On July 8, 1853, residents of Uraga on the outskirts of Edo, the sprawling capital of feudal Japan, beheld an astonishing sight. Four foreign warships had entered their harbor under a cloud of black smoke, not a sail visible among them…
Black Ships & Samurai is a fascinating exhibit on the Web, brought to us by some folks at MIT. It chronicles Commodore Perry’s year-long mission, which brought Japan into wider contact with the rest of the world.
Inlcuded in the online exhibit is an amazing representation of the “Black Ship Scroll,” painted by a Japanese artist in 1854. The virtual scroll is supplemented by quicktime movies which provide some translation and allow you to follow the scroll from beginning to end. One interesting bit tells of how Perry himself was perceived by the Japanese as “almost demonic” and a “hairy barbarian” in contrast to the otherwise sympathetic portrayal of the foreigners.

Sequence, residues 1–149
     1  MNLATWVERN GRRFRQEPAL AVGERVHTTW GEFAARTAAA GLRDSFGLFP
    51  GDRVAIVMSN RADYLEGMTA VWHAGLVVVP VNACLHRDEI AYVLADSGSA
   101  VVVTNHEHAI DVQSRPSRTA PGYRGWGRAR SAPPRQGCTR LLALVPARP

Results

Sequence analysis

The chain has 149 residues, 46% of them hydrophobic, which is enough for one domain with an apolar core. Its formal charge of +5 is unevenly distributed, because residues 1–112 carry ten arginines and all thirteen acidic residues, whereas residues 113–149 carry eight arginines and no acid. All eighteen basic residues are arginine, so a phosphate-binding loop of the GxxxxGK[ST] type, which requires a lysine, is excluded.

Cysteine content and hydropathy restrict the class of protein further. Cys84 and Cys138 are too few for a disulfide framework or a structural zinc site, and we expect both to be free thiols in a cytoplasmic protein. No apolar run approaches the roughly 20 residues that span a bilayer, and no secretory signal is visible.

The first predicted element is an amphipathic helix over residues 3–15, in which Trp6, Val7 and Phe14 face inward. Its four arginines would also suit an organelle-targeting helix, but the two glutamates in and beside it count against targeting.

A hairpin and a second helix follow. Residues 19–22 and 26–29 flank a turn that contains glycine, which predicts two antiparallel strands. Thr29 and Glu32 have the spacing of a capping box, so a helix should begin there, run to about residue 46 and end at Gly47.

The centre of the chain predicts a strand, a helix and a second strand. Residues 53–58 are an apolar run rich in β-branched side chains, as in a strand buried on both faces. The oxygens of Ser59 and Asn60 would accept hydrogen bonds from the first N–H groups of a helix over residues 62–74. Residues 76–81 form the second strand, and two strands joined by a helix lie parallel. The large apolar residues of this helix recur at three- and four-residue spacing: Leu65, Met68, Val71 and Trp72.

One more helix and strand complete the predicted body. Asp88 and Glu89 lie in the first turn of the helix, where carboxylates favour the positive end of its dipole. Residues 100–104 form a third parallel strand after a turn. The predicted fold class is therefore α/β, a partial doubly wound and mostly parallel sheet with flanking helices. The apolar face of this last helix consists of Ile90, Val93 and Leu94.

The family and I are frequent visitors at the Newport Black Ships Festival in Newport, RI, which is a yearly celebration of this historic meeting. We skipped it last year (I can’t remember why) but I don’t think we will this year. The dates haven’t been announced, but it’s usually mid-July. Who’s up for the Taiko drum show (and picnic, if they do it the same way they did 2 years ago)? I could be convinced to make sushi for the occasion.
This made me wonder what was going on last year in July. Remember this goofy guy? Phoot!